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BEIJING (Reuters) – Chip giant Intel Corp’s chief executive said on Tuesday that its investments around the world are proceeding as originally planned, but that some disruption from the global financial crisis was unavoidable.

"I would expect to continue all of our investments we have committed to in China and around the world," Chief Executive Paul Otellini told reporters in Beijing.

Otellini said the recent restructuring at Intel had reduced its cost structure and was helping it weather the financial turmoil better than most companies.

While Otellini said financial institutions could survive the crisis better by investing more in information technology, he conceded that his company would also be affected.

"It is reasonable to assume that with the number of financial institutions around the world in trouble that there will be some disruption in their purchases," he said.

The company trimmed its 2008 capital spending plans slightly to around $5 billion from $5.2 billion.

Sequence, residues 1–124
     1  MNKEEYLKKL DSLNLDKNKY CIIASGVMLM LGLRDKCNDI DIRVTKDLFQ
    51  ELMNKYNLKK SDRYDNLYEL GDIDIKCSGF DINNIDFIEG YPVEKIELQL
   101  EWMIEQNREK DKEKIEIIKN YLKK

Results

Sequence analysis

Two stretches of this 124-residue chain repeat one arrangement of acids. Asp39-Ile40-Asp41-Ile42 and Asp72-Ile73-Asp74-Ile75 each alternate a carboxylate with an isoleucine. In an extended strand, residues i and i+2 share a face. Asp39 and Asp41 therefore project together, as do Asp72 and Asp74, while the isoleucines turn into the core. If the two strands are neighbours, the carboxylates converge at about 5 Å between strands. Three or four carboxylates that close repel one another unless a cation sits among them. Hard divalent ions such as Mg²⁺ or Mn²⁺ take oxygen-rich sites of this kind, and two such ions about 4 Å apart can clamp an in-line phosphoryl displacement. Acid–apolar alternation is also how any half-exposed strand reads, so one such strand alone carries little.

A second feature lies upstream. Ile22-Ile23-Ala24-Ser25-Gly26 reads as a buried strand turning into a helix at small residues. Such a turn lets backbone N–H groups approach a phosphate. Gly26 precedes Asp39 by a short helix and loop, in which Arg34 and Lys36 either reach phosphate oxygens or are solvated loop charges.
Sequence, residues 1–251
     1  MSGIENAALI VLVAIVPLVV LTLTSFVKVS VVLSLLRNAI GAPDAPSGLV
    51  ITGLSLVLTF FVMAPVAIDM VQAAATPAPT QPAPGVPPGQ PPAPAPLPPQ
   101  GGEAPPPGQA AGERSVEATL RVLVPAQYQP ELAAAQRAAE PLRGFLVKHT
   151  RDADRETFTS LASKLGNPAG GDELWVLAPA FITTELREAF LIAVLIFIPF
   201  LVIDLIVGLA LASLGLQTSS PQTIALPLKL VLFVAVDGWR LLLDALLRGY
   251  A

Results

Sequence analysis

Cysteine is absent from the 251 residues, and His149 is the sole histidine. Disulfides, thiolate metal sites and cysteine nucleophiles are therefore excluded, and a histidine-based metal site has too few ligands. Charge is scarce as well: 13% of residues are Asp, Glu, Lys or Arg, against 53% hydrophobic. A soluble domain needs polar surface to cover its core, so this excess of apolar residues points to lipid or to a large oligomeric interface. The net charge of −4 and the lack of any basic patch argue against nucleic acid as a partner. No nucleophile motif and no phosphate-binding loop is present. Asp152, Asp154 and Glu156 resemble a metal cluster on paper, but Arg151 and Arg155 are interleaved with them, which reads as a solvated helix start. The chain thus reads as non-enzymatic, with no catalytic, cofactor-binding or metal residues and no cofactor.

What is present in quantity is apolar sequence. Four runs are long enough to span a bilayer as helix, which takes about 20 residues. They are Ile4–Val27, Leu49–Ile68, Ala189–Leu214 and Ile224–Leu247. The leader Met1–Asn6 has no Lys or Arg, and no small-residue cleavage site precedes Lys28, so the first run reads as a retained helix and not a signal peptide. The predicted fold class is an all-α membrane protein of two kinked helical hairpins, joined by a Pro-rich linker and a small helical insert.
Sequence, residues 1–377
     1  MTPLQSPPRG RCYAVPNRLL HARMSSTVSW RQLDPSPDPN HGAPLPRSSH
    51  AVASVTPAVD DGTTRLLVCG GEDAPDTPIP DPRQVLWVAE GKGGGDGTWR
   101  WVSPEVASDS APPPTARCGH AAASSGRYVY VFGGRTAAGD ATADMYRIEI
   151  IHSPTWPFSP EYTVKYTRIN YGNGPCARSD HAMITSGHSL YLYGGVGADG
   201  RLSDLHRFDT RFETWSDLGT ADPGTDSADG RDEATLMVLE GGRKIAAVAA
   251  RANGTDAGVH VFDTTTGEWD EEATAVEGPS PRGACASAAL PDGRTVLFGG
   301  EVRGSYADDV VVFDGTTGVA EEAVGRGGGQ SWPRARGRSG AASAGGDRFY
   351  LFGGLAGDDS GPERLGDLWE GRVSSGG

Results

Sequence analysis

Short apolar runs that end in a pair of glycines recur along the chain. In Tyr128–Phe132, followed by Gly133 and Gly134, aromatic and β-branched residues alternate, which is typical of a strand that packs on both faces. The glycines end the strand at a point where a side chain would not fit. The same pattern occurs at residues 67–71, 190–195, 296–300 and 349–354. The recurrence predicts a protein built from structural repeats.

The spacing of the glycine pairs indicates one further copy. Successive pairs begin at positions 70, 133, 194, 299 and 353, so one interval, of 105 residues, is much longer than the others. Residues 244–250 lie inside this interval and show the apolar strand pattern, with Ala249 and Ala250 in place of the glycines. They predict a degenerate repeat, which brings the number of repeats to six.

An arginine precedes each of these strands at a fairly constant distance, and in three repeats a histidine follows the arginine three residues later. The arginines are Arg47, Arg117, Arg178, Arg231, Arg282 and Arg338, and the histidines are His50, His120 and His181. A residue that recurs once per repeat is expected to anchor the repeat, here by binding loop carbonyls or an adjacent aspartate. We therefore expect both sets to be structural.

Intel’s $2.5 billion microchip plant in China’s northeast is still on track to begin production in the first half of 2010, Otellini said.

In addition, the California-based Intel said demand for its Atom processor — a smaller, lower-priced processor for use in new mobile computers that are smaller than conventional notebooks — was surprisingly strong and it was ramping up production.

"I would expect our supply would catch up to demand by the end of the year," said the executive.

The company posted a 12-percent rise in quarterly profit earlier this month, edging Wall Street estimates, as investors said Intel was benefiting from one of its strongest product line-ups in years, is executing well and keeping a lid on costs.